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Let $\mathfrak{g}$ be a finite dimensional simple Lie algebra over $\mathbb{C}$.
The polynomial current Lie algebra $\mathfrak{g}[t] = \mathfrak{g} \otimes \mathbb{C} [t]$ has the bracket $$[xt^r, yt^s] = [x,y] t^{r+s}$$ for $x,y \in \mathfrak{g}$. It is graded with deg$(t) = 1$.

If we set $h=0$ in Drinfeld's first presentation of the Yangian (given in Theorem 12.1.1 of Chari and Pressley's Guide to Quantum Groups) then we get a presentation of $U(\mathfrak{g}[t])$ where the generators are the elements $x \in \mathfrak{g}$ and $J(x) = xt$ of $\mathfrak{g}[t]$ with degree $=0,1$, and the relations all have degree of both sides less than $3$.


Specifically we require that all the relation in $\mathfrak{g}$ are satisfied for the elements with degree 0, and (for all $x,y, x_i, y_i, z_i \in \mathfrak{g}$ and complex numbers $\lambda, \mu$):

$$\lambda xt + \mu yt = (\lambda x + \mu y)t$$ $$[x, yt] = [x,y]t,$$ $$\sum_i [x_i, y_i] = 0 \implies \sum_i [x_i t, y_i t ] = 0$$ $$ \sum_i [[x_i, y_i], z_i] = 0 \implies \sum_i [[x_i t, y_i t], z_i t]=0$$ Then assuming that all the relations of degree less than or equal to $3$ hold is enough to get the remaining ones. The elements $xt^2, xt^3, \ldots$ are defined inductively. This can be proved by induction, using the Serre presentation of the finite-dimensional Lie algebra and then checking all the required relations in several cases. But even in the $\mathfrak{sl}_2$ case the argument is laborious.

Is there a better way of seeing that one needs only relations of degree less than three in order to get the rest?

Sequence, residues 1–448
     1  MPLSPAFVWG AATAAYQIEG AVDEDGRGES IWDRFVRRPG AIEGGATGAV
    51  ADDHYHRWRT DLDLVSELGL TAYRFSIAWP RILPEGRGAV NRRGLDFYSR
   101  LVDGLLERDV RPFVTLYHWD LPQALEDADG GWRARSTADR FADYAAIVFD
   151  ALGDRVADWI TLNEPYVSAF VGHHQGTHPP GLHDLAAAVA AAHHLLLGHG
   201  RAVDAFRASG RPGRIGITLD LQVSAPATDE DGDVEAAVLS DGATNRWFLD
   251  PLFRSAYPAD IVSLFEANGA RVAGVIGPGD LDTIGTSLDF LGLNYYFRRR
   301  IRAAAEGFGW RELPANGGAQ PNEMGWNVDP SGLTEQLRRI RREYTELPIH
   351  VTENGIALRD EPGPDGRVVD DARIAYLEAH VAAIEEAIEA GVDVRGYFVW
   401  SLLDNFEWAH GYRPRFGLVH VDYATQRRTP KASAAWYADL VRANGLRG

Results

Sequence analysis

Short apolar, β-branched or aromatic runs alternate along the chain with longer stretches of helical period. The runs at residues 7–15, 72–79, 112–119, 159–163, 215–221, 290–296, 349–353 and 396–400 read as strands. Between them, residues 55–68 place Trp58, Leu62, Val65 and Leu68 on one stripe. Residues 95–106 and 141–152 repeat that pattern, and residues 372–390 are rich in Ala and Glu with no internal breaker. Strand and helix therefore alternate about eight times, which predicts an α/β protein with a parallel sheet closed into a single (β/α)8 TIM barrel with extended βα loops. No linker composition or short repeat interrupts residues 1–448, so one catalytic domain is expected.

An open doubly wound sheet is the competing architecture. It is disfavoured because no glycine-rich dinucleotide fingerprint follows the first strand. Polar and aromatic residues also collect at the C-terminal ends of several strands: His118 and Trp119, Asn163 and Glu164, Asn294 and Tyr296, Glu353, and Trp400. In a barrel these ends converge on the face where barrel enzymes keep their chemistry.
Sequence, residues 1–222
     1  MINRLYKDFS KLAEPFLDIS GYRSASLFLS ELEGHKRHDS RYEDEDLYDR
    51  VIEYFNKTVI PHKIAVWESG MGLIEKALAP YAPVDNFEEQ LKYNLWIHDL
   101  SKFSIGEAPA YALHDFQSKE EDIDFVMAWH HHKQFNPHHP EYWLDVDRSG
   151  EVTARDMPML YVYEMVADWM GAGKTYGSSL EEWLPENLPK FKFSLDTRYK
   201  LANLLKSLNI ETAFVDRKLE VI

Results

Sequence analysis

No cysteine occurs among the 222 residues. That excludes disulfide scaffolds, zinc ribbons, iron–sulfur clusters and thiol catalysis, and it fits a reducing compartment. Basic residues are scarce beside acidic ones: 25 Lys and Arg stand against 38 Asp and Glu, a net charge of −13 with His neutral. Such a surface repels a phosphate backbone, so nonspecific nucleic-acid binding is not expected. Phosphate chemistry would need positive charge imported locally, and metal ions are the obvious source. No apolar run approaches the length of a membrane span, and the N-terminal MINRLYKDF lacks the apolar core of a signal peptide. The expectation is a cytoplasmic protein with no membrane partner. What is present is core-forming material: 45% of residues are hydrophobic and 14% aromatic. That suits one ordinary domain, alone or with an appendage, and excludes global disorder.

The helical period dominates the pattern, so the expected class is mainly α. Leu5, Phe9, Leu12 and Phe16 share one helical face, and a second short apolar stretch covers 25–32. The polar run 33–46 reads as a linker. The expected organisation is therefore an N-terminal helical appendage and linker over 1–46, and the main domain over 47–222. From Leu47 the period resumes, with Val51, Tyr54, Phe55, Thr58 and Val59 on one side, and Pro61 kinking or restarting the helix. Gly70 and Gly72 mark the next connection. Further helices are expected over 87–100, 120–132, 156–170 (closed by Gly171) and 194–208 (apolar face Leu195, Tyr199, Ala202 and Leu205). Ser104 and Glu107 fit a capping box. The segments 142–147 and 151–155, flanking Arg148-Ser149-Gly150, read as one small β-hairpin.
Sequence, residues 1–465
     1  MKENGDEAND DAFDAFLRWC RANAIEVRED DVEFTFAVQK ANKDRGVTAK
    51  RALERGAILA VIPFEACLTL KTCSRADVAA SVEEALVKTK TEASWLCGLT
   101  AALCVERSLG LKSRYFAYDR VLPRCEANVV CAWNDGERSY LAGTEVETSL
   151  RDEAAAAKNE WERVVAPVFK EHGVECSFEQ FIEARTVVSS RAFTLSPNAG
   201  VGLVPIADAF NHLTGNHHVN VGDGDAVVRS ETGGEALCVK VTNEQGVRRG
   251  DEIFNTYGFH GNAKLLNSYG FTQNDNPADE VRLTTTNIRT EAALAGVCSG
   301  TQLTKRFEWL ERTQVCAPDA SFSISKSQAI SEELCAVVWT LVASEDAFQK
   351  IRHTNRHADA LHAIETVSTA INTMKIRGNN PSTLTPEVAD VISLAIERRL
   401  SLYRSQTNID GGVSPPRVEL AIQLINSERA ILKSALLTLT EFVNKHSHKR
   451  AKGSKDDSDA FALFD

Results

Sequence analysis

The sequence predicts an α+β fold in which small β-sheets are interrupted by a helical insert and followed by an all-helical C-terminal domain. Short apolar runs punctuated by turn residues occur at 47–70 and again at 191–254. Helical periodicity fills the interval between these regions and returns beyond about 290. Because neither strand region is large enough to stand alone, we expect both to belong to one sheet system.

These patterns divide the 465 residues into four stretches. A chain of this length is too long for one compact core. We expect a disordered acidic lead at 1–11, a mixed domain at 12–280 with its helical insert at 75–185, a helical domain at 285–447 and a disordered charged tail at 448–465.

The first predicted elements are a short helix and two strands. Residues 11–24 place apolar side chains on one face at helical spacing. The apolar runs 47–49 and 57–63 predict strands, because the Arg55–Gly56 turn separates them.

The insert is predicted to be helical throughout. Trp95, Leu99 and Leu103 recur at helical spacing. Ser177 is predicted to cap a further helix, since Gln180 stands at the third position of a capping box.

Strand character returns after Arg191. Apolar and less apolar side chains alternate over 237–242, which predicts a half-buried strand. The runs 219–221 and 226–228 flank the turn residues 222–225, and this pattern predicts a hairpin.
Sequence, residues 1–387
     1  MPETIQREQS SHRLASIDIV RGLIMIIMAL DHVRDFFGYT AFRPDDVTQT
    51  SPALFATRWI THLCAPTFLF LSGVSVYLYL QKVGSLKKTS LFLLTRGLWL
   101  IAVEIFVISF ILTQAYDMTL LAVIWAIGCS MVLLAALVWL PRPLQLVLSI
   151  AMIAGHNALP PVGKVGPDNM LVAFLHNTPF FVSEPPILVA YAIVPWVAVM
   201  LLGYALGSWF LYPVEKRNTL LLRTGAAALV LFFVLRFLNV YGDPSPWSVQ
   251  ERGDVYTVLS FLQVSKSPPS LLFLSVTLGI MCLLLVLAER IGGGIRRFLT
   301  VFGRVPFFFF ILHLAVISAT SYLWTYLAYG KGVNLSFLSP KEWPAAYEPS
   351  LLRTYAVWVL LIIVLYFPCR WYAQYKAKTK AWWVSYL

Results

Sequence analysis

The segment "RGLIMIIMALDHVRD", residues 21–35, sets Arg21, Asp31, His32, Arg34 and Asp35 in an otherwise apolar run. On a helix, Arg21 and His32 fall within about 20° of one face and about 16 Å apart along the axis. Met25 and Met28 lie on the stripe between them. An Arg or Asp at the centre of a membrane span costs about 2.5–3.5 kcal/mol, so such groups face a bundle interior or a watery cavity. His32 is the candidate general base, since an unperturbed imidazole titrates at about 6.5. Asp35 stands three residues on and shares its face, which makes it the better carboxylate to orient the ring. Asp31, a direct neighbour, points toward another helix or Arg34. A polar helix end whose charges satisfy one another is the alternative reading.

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1 Answer 1

up vote 6 down vote accepted

For a nilpotent Lie algebra L, generators could be described in terms of $H_1(L) = L/[L,L]$, and relations in terms of $H_2(L)$. While this is not applicable directly to $\mathfrak g \otimes \mathbb C[t]$, it is close enough: it could be decomposed, for example, as the semidirect sum $\mathfrak g \oplus (\mathfrak g \otimes t\mathbb C[t])$, or, better yet, as $(\mathfrak g_- \oplus \mathfrak h) \oplus (\mathfrak g_+ \oplus (\mathfrak g\otimes t\mathbb C[t]))$, where $\mathfrak g = \mathfrak g_- \oplus \mathfrak h \oplus \mathfrak g+$ is the triangular decomposition. From here, I presume, one may glue the defining relations of the whole algebra from the defining relations of the second summand, and Serre defining relations for $\mathfrak g$. The second summand, $\mathfrak g\otimes t\mathbb C[t]$ or close to it, is, formally, still not nilpotent, but it is an $\mathbb N$-graded algebra with finite-dimensional components, and the isomorphism between the space of defining relations and $H_2(L)$ still applies. So the whole thing boils down to computation of $H_2(\mathfrak g\otimes t\mathbb C[t])$. The whole cohomology $H_*(\mathfrak g\otimes t\mathbb C[t])$ was computed in the celebrated 1976 paper by Garland and Lepowsky, or, one may use a more direct and pedestrian approach and derive it from the known formulae which describe the second (co)homology of the current Lie algebra $L\otimes A$ in terms of symmetric invariant bilinear forms of $L$, cyclic (co)homology of $A$, etc. I am not sure that, written accurately will all the details, this will provide a shorter way, but it is definitely a different one. The case of $sl(2)$ would be exceptional in a sense ($H_2(sl(2)\otimes t\mathbb C[t])$ is bigger than in the case of generic $\mathfrak g$).

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